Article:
This year alone has seen a huge increase in cyber attacks on healthcare data. It is no coincidence theta cybercriminals target healthcare. While compared to other sectors, the financial gains of hacking into a hospital’s data and demanding a ransom for release, are negligible, the guarantees of success are greater.
For one thing, many healthcare facilities are operating under old IT applications using older systems that are much easier to penetrate than those in the financial sector for example. For another, hackers know that a hospital will probably fold under the pressure to release data as in some cases patient lives depend on it. Reputation always does.
A report in Health Data Management takes look at two of the most common weak points that hackers take advantage of and what healthcare executives can do to minimise the risks.
First Line of defence: Doctors
With medical charts now beings stored electronically, physicians hold the keys to access to patient data. Surprisingly, many doctors still don’t understand that simple actions – or lack of them – can seriously compromise the security of such data.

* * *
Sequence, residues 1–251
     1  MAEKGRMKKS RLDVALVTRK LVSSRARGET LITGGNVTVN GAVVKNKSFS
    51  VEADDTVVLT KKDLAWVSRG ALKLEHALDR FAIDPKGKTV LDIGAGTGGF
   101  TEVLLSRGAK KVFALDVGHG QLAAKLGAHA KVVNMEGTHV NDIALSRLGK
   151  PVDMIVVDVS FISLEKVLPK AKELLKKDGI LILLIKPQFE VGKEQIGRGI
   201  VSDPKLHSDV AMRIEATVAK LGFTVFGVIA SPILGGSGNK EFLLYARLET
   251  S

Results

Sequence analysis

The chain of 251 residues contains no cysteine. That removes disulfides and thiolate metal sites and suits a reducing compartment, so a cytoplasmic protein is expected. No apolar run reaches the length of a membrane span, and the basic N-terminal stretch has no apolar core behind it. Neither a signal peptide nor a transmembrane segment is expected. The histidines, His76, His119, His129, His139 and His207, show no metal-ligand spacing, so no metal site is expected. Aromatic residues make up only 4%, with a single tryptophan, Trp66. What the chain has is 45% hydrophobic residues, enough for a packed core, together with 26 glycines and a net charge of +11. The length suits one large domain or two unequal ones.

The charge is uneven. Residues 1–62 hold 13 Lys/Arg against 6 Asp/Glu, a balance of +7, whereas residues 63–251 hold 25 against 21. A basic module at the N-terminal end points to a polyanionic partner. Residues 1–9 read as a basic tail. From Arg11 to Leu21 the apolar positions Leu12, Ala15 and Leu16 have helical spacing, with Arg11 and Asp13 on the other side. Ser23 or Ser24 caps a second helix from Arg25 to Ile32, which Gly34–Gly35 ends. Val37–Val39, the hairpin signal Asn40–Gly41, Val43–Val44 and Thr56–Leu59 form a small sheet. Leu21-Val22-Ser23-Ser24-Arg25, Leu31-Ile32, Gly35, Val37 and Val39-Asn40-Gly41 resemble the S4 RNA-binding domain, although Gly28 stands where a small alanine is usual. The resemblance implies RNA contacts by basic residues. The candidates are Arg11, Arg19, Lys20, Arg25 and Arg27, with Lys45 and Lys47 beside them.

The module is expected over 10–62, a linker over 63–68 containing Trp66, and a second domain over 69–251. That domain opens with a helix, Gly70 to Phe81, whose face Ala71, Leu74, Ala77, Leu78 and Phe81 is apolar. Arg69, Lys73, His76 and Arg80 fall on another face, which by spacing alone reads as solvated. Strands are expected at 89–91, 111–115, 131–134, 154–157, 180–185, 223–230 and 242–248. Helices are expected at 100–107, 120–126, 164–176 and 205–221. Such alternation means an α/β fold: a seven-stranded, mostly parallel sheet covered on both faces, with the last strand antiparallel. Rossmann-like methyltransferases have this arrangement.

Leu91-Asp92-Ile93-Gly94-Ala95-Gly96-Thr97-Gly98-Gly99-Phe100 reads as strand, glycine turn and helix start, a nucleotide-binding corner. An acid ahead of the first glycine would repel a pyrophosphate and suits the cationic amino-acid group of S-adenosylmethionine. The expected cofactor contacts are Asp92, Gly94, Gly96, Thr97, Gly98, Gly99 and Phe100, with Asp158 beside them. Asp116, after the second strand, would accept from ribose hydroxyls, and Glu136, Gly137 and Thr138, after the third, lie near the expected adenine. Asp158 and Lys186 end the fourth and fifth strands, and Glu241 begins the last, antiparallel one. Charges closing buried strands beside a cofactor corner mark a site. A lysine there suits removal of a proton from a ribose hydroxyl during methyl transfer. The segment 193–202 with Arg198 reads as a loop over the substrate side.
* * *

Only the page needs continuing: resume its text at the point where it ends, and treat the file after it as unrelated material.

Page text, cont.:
In order t spend more time with a patient or to move onto the next task, sometimes doctors forget to log off their computers. Using weak passwords for easy remembering rather than employing a range for different systems also contributes to making data more vulnerable to hackers.
Naturally, hackers have exploited these tendencies and targeted healthcare records. In light of this, proper security awareness for all staff members is essential including remedying the above practices. Training should also highlight not clicking on suspicious emails or visiting sites that may comprise security.
Following training, reminders to implement security practices are necessary.
Confirm Who is Responsible for Devices
Who owns the digital X-ray machines or electrocardiograms in your healthcare facility? Sometimes it is the vendor. This leaves healthcare providers vulnerable to external breaches that are not covered by in-house standards. Sometimes it is medical staff themselves who are responsible for maintaining standards. In order to ensure hat such devices are as secure as possible, hospital executives must monitor who has access to them, be crystal clear on the security standards imposed by the vendor and pinpoint practices to maintain stringent levels of security. It is no exaggeration to say that such practices could make the difference in a life or death situation.
Source: Health Data Management
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